scispace - formally typeset
Search or ask a question
Author

Nyeema C. Harris

Bio: Nyeema C. Harris is an academic researcher from University of Michigan. The author has contributed to research in topics: Population & Carnivore. The author has an hindex of 15, co-authored 47 publications receiving 1571 citations. Previous affiliations of Nyeema C. Harris include University of Montana & University of California, Berkeley.


Papers
More filters
Journal ArticleDOI
TL;DR: This work discusses the interactions and synergies between coextinction and other drivers of species loss, particularly climate change, and suggests the way forward for understanding the phenomenon of co Extinction, which may well be the most insidious threat to global biodiversity.
Abstract: The effects of species declines and extinction on biotic interactions remain poorly understood. The loss of a species is expected to result in the loss of other species that depend on it (coextinction), leading to cascading effects across trophic levels. Such effects are likely to be most severe in mutualistic and parasitic interactions. Indeed, models suggest that coextinction may be the most common form of biodiversity loss. Paradoxically, few historical or contemporary coextinction events have actually been recorded. We review the current knowledge of coextinction by: (i) considering plausible explanations for the discrepancy between predicted and observed coextinction rates; (ii) exploring the potential consequences of coextinctions; (iii) discussing the interactions and synergies between coextinction and other drivers of species loss, particularly climate change; and (iv) suggesting the way forward for understanding the phenomenon of coextinction, which may well be the most insidious threat to global biodiversity.

426 citations

Journal ArticleDOI
18 Sep 2020-Science
TL;DR: How social inequalities shape ecological and evolutionary processes in U.S. cities is shown, highlighting the need for research that integrates justice perspectives with ecological and developmental dynamics in urban eco-evolutionary studies.
Abstract: Urban areas are dynamic ecological systems defined by interdependent biological, physical, and social components. The emergent structure and heterogeneity of urban landscapes drives biotic outcomes in these areas, and such spatial patterns are often attributed to the unequal stratification of wealth and power in human societies. Despite these patterns, few studies have effectively considered structural inequalities as drivers of ecological and evolutionary outcomes and have instead focused on indicator variables such as neighborhood wealth. In this analysis, we explicitly integrate ecology, evolution, and social processes to emphasize the relationships that bind social inequities-specifically racism-and biological change in urbanized landscapes. We draw on existing research to link racist practices, including residential segregation, to the heterogeneous patterns of flora and fauna observed by urban ecologists. In the future, urban ecology and evolution researchers must consider how systems of racial oppression affect the environmental factors that drive biological change in cities. Conceptual integration of the social and ecological sciences has amassed considerable scholarship in urban ecology over the past few decades, providing a solid foundation for incorporating environmental justice scholarship into urban ecological and evolutionary research. Such an undertaking is necessary to deconstruct urbanization's biophysical patterns and processes, inform equitable and anti-racist initiatives promoting justice in urban conservation, and strengthen community resilience to global environmental change.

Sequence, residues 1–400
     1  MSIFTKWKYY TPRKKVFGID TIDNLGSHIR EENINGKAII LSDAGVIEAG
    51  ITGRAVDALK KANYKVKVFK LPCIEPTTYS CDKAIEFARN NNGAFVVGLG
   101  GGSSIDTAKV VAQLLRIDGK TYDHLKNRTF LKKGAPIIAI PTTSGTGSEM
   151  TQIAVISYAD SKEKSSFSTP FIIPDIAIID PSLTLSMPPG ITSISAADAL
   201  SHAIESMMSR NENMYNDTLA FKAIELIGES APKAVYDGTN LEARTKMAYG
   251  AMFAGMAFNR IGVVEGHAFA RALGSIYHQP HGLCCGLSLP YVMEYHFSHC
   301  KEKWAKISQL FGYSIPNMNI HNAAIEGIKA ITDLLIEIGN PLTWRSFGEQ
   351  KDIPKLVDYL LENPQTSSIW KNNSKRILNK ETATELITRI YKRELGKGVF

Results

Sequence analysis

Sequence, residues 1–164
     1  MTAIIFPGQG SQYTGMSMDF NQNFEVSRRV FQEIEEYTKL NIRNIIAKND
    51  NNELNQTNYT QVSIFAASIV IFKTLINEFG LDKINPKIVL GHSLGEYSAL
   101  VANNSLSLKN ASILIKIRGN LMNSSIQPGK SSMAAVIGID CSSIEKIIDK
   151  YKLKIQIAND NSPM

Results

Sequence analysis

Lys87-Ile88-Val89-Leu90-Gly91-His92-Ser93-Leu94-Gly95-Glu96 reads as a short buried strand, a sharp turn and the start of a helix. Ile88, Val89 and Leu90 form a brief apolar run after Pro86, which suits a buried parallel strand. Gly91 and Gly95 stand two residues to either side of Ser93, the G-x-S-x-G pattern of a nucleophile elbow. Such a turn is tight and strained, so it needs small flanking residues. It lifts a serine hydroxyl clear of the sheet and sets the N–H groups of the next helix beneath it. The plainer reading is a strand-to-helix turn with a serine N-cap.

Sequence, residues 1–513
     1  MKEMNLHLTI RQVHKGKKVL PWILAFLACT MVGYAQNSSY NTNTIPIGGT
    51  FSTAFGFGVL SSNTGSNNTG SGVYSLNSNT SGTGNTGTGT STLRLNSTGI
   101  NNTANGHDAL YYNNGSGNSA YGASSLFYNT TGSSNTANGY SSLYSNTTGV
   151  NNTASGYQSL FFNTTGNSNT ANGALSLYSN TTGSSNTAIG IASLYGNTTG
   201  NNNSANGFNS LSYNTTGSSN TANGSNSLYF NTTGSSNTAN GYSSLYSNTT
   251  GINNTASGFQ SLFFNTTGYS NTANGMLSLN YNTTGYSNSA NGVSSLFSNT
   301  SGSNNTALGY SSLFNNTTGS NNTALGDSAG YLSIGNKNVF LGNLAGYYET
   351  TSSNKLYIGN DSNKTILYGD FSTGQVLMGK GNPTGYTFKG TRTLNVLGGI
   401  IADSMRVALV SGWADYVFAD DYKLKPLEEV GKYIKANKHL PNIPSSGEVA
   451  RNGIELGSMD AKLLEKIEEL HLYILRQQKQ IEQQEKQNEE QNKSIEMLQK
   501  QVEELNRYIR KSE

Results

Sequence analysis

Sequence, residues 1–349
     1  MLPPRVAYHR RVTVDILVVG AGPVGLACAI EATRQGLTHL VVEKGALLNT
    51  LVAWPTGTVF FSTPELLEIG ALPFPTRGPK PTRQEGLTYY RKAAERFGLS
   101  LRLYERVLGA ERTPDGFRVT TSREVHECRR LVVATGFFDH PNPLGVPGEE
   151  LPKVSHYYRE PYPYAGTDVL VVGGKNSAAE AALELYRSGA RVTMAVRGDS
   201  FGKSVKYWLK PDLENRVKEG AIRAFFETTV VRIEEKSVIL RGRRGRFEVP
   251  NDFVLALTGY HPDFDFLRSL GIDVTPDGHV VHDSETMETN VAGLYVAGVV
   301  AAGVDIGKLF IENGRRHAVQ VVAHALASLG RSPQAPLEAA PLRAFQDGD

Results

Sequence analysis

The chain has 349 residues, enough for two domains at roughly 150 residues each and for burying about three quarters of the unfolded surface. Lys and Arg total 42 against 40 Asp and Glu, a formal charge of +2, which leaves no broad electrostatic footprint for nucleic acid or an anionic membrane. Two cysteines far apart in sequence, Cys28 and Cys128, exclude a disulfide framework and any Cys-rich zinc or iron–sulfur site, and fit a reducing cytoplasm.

237 citations

Journal ArticleDOI
TL;DR: A global analysis of the relative influence of climate, alternative host diversity and spending on disease prevention on modern patterns in the richness and prevalence of human pathogens finds that for human health, the prevalence of key human pathogens is strongly influenced by disease control efforts.
Abstract: The differences in the richness and prevalence of human pathogens among different geographical locations have ramifying consequences for societies and individuals. The relative contributions of different factors to these patterns, however, have not been fully resolved. We conduct a global analysis of the relative influence of climate, alternative host diversity and spending on disease prevention on modern patterns in the richness and prevalence of human pathogens. Pathogen richness (number of kinds) is largely explained by the number of birds and mammal species in a region. The most diverse countries with respect to birds and mammals are also the most diverse with respect to pathogens. Importantly, for human health, the prevalence of key human pathogens (number of cases) is strongly influenced by disease control efforts. As a consequence, even where disease richness is high, we might still control prevalence, particularly if we spend money in those regions where current spending is low, prevalence is high and populations are large.

220 citations

Journal ArticleDOI
TL;DR: Based on primary extinctions and interactions among species, network models explore extinction cascades and predict and historical evidence reveals that the threat of coextinction is influenced by both host a...